Mirza: Mysticism On Canvas

Joyful and vibrant color blends mixed in with a spoonful of surrealism and a dash of fantasy. When these manifest on Mirza’s canvas, they carry a powerful mystical tune—the notes unforgettable and ever lasting. It is as if the artist invited three guests in his midst—intuition, intellect, and emotion and painted with them.

Our understanding of twentieth-century art form is based on traditions brought forth by Cézanne and other Cubists. Visionaries such as Mirza, Fred Varley, Emily Carr, and Lawren Harris defy the norm. Mystically-realized art cannot be judged on the existing trends, rather you need different sort of lenses to understand the depth and complexity of mystical poetry on canvas. In mystical art, the artist achieves a meditative state of mind and then projects images and archetypes from the spiritual muse within. What these artists share is developing their work by calling on a higher level of consciousness, one that guides the strokes when the hand is moving on the canvas. Dancing figures, reflective women, musicians, dervish, birds—in a trice, leap off Mirza’s canvas and acquire a haunting and mysterious allure. His brush strokes and use of colors depict his sensitivity and mood, whether he is painting the serenity of the Buddha, the resurrection of the Christ or dancing women under a moonlight. Although he caution against seeing his pieces individually.

“Each piece of art is a component of the totality of expression of my personal philosophy. My body of work has to be looked at as a whole.”

Thirty years ago, Mirza was a new immigrant to the United States, and an evolving artist. Over the years as the events and places in his life changed, so did Mirza’s style as he internalized some of the Western and European styles and forms. He defines his work as a synthesis, drawing on the best of both to create something that reflects his own station in life. “I work with the mystical area of human existence,” says Mirza, “which in my opinion, is in between the real and the unseen world.”

In addition to canvas and paper he makes an extensive use of other mediums such as wood, glass, ceramic and metal for his work. “I choose whatever medium that best expresses my works and my thoughts,” he explains.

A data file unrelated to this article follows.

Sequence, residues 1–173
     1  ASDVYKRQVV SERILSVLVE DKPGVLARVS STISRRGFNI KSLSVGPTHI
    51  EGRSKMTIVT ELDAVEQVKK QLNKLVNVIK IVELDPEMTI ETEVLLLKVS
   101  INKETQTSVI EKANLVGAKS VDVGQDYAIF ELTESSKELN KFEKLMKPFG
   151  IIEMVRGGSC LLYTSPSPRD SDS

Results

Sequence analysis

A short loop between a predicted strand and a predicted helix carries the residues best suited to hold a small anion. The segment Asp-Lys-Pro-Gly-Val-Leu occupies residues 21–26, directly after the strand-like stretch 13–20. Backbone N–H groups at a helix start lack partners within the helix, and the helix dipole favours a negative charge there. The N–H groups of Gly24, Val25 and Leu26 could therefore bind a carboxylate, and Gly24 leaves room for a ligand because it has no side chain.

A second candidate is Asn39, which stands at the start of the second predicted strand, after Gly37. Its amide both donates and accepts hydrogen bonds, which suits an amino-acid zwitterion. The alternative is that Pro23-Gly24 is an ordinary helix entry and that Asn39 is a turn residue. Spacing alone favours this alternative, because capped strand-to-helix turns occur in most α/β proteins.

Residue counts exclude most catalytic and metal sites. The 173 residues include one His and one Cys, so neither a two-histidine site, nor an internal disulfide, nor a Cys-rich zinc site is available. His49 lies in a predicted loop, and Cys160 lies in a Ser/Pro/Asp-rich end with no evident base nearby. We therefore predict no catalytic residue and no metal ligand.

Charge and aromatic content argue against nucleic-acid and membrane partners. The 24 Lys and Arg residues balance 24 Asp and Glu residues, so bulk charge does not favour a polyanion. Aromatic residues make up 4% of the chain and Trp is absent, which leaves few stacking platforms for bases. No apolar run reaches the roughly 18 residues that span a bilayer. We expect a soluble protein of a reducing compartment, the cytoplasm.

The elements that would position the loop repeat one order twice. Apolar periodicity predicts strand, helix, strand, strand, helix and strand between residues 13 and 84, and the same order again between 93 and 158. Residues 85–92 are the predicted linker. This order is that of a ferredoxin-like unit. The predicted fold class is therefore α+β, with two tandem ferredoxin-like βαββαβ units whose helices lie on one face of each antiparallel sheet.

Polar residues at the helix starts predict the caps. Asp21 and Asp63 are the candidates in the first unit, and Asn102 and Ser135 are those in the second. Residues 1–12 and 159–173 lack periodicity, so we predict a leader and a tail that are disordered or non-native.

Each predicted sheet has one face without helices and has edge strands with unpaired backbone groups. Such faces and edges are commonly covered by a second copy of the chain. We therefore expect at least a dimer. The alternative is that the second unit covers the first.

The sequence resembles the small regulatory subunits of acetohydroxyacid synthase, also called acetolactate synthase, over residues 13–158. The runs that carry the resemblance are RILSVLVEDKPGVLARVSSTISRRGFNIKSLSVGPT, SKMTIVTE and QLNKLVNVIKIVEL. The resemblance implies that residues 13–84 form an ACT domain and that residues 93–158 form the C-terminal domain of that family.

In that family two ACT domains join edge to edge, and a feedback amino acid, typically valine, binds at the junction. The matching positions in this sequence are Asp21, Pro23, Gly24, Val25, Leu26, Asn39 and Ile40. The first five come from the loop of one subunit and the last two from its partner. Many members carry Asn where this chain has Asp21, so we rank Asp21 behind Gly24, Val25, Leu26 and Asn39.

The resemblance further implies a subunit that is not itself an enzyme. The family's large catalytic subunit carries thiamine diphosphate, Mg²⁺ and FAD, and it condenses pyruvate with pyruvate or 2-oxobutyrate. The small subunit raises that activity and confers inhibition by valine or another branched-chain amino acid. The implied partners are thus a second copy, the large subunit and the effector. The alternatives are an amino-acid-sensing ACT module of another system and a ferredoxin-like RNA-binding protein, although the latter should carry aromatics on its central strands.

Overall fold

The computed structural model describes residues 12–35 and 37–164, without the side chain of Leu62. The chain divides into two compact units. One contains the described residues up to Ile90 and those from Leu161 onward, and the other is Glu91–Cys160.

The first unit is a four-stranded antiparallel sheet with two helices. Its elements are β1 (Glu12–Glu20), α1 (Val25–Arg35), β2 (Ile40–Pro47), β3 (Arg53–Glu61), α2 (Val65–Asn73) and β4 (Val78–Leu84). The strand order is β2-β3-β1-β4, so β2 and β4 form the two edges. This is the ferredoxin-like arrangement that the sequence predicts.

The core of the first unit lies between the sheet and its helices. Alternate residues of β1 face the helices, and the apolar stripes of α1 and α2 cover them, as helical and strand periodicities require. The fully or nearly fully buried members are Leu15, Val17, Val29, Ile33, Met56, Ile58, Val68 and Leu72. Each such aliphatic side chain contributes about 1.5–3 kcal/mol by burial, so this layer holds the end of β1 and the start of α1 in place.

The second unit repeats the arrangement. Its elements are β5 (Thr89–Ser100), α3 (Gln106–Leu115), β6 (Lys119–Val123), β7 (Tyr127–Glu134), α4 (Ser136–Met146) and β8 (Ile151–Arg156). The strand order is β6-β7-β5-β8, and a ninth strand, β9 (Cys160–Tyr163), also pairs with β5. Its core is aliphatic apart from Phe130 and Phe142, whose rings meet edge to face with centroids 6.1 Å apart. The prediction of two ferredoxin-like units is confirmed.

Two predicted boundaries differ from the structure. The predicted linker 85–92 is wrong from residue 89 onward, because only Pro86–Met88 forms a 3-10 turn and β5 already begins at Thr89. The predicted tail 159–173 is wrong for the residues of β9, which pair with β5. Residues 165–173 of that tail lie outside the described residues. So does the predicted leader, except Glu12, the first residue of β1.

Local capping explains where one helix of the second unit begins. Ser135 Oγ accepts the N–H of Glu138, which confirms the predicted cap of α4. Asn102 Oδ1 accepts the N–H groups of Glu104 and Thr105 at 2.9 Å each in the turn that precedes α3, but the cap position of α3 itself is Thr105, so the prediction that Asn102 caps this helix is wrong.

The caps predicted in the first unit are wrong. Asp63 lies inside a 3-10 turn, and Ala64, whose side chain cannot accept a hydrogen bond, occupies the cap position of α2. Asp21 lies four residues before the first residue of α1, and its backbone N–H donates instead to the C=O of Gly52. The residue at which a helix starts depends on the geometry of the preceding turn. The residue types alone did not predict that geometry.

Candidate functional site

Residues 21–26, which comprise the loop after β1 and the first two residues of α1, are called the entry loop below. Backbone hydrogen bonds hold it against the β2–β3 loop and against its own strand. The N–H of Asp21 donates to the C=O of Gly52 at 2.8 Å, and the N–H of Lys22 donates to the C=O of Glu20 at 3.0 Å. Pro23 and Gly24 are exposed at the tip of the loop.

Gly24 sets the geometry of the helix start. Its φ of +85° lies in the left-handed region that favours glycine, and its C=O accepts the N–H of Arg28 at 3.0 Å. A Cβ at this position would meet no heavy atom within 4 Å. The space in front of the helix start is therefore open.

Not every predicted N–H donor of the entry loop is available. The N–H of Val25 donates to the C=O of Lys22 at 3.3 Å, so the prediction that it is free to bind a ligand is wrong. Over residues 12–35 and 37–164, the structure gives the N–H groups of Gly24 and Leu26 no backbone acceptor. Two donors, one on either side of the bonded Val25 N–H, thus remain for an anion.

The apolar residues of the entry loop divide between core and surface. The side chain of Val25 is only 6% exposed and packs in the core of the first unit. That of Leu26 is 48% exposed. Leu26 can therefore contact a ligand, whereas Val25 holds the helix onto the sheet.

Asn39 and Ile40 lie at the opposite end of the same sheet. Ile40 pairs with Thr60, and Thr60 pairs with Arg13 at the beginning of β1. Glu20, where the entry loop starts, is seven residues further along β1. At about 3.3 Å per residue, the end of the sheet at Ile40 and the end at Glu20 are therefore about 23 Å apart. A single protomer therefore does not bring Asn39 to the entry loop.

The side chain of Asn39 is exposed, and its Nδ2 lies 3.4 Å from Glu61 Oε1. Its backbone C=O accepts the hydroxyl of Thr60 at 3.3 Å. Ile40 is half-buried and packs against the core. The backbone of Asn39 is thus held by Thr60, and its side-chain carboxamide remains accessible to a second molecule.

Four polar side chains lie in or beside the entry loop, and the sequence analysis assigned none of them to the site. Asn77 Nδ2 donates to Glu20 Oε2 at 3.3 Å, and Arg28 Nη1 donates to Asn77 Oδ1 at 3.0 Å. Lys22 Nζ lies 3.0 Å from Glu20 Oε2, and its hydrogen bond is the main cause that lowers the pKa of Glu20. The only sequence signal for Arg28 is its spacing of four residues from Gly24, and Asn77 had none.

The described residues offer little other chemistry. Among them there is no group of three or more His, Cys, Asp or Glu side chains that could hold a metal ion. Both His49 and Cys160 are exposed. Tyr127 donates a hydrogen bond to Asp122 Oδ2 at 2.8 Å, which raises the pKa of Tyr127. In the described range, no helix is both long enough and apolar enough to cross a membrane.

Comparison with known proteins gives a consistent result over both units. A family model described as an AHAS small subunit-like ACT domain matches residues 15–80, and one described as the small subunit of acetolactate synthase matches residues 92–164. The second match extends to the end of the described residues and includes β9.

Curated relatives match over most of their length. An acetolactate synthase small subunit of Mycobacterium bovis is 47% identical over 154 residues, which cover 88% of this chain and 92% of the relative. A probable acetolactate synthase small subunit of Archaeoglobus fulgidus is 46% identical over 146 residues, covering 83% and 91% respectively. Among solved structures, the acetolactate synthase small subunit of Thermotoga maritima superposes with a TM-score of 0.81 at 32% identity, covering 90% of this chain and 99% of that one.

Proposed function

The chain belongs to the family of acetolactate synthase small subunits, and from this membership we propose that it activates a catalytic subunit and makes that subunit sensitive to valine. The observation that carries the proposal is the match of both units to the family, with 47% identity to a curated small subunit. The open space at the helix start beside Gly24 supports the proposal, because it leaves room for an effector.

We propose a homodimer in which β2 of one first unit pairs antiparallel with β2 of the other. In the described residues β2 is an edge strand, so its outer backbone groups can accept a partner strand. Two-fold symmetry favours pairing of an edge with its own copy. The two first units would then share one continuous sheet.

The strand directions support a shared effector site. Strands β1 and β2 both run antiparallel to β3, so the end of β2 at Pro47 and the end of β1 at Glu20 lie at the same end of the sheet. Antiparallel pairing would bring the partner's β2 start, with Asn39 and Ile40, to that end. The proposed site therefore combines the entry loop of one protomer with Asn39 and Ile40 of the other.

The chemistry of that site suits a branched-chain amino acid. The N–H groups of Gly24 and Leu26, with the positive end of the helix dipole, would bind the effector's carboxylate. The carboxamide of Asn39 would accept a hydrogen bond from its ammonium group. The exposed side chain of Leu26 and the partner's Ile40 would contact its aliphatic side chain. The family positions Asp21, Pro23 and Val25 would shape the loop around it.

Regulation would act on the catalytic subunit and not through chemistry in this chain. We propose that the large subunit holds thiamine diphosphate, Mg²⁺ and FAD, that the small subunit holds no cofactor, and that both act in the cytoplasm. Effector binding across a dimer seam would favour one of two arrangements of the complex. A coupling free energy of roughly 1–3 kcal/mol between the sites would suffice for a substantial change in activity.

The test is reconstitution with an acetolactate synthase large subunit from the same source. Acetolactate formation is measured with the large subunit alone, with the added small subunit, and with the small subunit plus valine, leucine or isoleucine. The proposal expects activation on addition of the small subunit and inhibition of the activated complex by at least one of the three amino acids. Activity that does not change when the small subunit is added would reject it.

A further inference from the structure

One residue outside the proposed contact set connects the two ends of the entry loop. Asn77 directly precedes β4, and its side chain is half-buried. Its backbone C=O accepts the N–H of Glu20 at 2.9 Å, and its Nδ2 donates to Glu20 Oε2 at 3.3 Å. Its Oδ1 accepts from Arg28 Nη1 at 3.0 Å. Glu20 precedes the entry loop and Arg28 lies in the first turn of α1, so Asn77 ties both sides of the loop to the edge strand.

Two Sisters
Acrylic on Paper

Folk Culture of Pakistan
Oil on Canvas

World in Chaos
Oil on Canvas

A Little Girl in the Balcony
Acrylic on Canvas

His proudest moment came in the form of a four-day exhibition of his work in August of 2006 at the Pakistan Consulate in Washington. The exhibition was inaugurated by Ambassador Mahmud Ali Durrani. During his speech, the ambassador praised Mirza's natural flair for blending bold themes in dynamic colors. The event also brought his work out in front of the broader Pakistani-American community in Washington as well as numerous U.S. government officials, providing them a glimpse of the splendor of the Pakistani culture. “The exhibition reflects Mirza’s eastern background and sensitivity,” Gulgee commented, a personal friend and supporter, who has reviewed Mirza’s work on many occasions.

The event was initiated by the Consul General of Pakistan in Houston, G.R. Baluch who describes Mirza as a great unsung painter of our times and an accomplished world artist. He happened to see some of Mirza’s art at a friend’s place. So impressed was he by Mirza’s work, that he proposed to have an exhibition of his paintings at the Pakistan Consulate in Washington. Prior to that, in February of 2004, Mirza was invited to the Texas State Capitol by Rick Perry, the governor of Texas, to showcase some of his work. Mirza also had a high profile exhibition in March of 2006 at the Pakistan Consulate in Houston.

(This article, written by Shaila Abdullah, first appeared in The Ismaili USA)

Links to the Artist



Shaila Abdullah said...

I have always been a fan of Mirza's brilliant use of colors. The tension he creates in his artwork captivates the viewer and holds their attention.

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